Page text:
Brian: [00:47:41] eCommerce is at an all time low stock price wise, but they made some really, I think, dare I say, smart cuts recently in their SMB markets. I think before they were looked at as a competitor to Shopify, I think that they found a lot of success in the mid-market. And maybe the mid-market has been sort of emptied out by a lot of other platforms that were acquired. I think there's a lot of room for them here and actually, they may end up being... Someone could take them private. They're cheap enough for someone to take them private. And I see that as a massive opportunity.

Phillip: [00:48:33] Wow. Wow. Okay.

Brian: [00:48:35] All right. And then Shopify also has opportunity in the mid-market and even in enterprise. Shopify components... Really interesting release.

Phillip: [00:48:46] Oh, we have not even covered this.

Brian: [00:48:48] I know.

Phillip: [00:48:48] I think we need to.

Brian: [00:48:50] We can do a whole episode on this.

Phillip: [00:48:50] I'm going to track down Harley at NRF and get him on Future Commerce.

Brian: [00:48:55] Let's do it. I love that idea. Commerce components could be a game changer. It's really I mean, it's a product that's competitive at a more enterprise level. It's built to do that. Obviously, it's brand new. So there's a lot of testing and trying that has to happen first. But an incredible launch partner, I think, was Mattel. Is that right?

Phillip: [00:49:20] Yeah. Incredible.

Brian: [00:49:21] Incredible. So, yeah.

Phillip: [00:49:24] Which, by the way, was an RFP that was being shopped for years. For years.

Brian: [00:49:30] And I think what's really interesting about this, Shopify is also taking its hits on the chin in the stock market. I think that there's a lot of opportunity for it to get some of that ground back.

Phillip: [00:49:43] It's undervalued right now.

Brian: [00:49:45] It's undervalued now. That's right.

Phillip: [00:49:46] In a big way. And I think that the market's sort of already factored in any potential forward de-growth. It does look like there's a turnaround imminent.

Brian: [00:49:57] I think so. So yeah, and then let me just one more...

Phillip: [00:50:00] Hard more against Shopify in our world at this moment.

Brian: [00:50:04] I know. That's right. Hard to bet against Shopify. BigCommerce I think also undervalued. Microsoft Looking good. My last one here and I guess I'm just bullish on tech in general. This is going to come out of nowhere. I'm going to be a little contrarian voice here.

Phillip: [00:50:18] Call your shot.

Brian: [00:50:19] I actually think this could be a bit of a comeback here for Meta.

Phillip: [00:50:25] Wow.

Brian: [00:50:25] They've been dumped on so hard. They've taken so many so many hits on the chain. And it's almost like can it go lower? The answer is yes, it can. However, however, I do believe that Meta has incredible talent on staff, and I think they are the kind of people that can actually architect to turn around and build something that's worth engaging in. Now, I'm not saying Facebook is that thing, but they've got a bunch of other properties. WhatsApp. Instagram. A ton of other investments and yeah...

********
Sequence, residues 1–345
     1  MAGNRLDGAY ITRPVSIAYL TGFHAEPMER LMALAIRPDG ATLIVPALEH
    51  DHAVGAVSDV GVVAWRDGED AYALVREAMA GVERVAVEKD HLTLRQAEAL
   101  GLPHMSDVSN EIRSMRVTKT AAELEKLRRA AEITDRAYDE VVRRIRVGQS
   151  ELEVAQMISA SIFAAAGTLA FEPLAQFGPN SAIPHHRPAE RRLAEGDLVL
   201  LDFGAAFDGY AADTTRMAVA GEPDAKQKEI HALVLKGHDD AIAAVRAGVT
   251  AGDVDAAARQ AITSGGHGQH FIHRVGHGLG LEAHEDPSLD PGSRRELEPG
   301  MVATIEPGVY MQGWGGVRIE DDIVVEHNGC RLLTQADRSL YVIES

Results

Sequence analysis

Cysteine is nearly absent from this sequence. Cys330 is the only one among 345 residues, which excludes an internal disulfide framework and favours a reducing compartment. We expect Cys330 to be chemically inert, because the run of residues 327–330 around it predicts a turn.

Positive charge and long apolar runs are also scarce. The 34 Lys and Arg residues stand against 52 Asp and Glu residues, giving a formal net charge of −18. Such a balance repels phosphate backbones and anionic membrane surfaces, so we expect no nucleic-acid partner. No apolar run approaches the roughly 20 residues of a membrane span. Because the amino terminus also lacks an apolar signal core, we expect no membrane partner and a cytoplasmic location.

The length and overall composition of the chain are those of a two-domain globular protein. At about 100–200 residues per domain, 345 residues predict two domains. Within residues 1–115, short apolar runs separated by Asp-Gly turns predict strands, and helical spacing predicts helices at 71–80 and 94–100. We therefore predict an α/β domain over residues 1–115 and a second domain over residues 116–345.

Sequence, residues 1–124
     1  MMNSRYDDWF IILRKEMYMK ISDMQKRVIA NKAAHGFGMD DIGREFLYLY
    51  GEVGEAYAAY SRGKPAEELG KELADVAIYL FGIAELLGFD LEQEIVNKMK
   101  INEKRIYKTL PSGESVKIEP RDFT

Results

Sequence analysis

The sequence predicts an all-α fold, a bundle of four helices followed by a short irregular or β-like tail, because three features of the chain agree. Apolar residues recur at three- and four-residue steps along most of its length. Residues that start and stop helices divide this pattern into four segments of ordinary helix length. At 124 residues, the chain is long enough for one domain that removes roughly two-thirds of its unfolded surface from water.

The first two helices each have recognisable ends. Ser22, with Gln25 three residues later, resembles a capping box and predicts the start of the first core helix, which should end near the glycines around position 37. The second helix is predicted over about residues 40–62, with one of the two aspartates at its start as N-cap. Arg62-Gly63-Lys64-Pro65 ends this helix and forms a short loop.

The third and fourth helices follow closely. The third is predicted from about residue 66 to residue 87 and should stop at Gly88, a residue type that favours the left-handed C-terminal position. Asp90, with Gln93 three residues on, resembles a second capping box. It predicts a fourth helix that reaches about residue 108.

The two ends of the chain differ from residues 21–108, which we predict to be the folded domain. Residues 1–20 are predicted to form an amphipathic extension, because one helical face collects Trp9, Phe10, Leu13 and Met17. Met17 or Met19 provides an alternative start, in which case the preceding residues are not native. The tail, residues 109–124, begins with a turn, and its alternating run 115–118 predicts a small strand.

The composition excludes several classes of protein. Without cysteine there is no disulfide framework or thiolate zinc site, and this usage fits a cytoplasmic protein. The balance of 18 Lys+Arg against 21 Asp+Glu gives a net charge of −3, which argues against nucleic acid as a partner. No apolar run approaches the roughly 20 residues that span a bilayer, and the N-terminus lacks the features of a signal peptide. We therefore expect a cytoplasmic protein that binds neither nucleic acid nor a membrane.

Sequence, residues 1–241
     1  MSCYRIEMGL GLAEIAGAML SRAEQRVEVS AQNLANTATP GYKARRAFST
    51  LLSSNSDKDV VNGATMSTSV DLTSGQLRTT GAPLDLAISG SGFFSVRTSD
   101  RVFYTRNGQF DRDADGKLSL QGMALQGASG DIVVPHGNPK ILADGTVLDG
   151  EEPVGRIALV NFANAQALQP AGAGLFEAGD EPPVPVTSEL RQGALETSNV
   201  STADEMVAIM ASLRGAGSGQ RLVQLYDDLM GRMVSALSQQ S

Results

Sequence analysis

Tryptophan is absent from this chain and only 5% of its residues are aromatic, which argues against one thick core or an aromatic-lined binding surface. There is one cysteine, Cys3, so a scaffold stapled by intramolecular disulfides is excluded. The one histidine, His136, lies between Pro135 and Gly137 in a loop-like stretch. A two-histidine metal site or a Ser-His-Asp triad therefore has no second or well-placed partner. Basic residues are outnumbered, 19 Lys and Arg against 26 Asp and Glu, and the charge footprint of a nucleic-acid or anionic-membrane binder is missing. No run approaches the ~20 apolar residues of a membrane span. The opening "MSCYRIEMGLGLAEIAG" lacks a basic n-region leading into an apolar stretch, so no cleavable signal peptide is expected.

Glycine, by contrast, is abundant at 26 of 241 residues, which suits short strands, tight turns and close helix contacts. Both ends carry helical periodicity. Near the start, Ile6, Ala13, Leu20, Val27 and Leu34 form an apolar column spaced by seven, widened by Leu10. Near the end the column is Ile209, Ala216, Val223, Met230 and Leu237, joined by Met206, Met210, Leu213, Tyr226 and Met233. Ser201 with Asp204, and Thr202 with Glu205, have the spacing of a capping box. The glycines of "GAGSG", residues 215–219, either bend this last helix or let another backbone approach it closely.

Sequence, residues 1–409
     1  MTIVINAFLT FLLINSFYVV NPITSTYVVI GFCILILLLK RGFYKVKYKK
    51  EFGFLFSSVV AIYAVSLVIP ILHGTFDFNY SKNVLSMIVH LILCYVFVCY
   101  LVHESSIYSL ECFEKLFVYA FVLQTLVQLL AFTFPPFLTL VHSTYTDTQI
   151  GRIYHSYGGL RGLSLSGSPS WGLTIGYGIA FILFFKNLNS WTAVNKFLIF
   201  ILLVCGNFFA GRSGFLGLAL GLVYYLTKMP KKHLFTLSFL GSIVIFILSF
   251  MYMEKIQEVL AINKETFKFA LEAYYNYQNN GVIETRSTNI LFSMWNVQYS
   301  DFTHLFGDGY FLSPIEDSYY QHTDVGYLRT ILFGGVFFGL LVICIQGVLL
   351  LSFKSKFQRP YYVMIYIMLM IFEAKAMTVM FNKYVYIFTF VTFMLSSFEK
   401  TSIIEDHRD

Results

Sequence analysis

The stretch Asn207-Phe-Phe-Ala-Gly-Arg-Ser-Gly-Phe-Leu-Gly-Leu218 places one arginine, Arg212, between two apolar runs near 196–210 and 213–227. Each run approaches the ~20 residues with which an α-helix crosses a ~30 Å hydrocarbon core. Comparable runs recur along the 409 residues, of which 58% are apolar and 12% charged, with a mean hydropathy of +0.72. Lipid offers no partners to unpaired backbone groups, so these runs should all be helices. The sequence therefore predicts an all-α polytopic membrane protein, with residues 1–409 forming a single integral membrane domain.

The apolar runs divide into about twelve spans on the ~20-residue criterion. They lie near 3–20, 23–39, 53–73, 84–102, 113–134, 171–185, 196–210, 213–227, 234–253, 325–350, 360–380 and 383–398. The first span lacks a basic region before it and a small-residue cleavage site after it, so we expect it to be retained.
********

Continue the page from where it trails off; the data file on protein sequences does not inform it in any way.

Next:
Phillip: [00:51:08] Maybe TikTok in 2023.

Brian: [00:51:10] I don't know about that, but I just think that they're actually that's a really good point. That was one of the things I was thinking about as well. TikTok sort of hit a little bit of a wall. And Instagram's been very good at copying features of other social platforms.

Phillip: [00:51:24] And YouTube as well.

Brian: [00:51:28] So long story. Yeah. And YouTube. Well, yeah, that's a really good point. Back to my YouTube prediction. So yeah, come back year for Meta potentially. Maybe it's not this year, but I believe that they will make a comeback at some point.

Phillip: [00:51:42] Okay, I love it. [00:51:44] All right. Biggest Tech Winner 2023. Last year, I said TikTok. And then I spent the whole year dumping on TikTok {laughter} because I was just angry. People kept saying, "Oh, TikTok shopping is going to take over Amazon." "TikTok search is already eating into Google's market share." Neither of those things actually are true, so I actively worked to undermine my own prediction for the year all year long. And I'll absolutely own that behavior. I also said Square, there's kind of a repeating thing here where I get part of it right and then the other part extremely wrong. Let's shift to I think 2023's Biggest Tech Winner will be OpenAI. $29 billion valuation with a $10 billion tender offer from Microsoft. So I'm going to piggyback on yours, Mr. Brian Lange. OpenAI, creators of ChatGPT, GPT3, GPT3.5, and chat. We could be seeing GPT4 potentially this year. I think it's already changing the nature of work in every facet of the tech industry. A million people onboarded, a million people onboarded onto ChatGPT in five days. That is unbelievable. [00:53:12]

Brian: [00:53:13]  [00:53:13]Who's one of their biggest investors though? [00:53:15]

Phillip: [00:53:15]  [00:53:15]Yeah, Microsoft.  [00:53:17]

Brian: [00:53:17]  [00:53:15]Heyo! {laughter}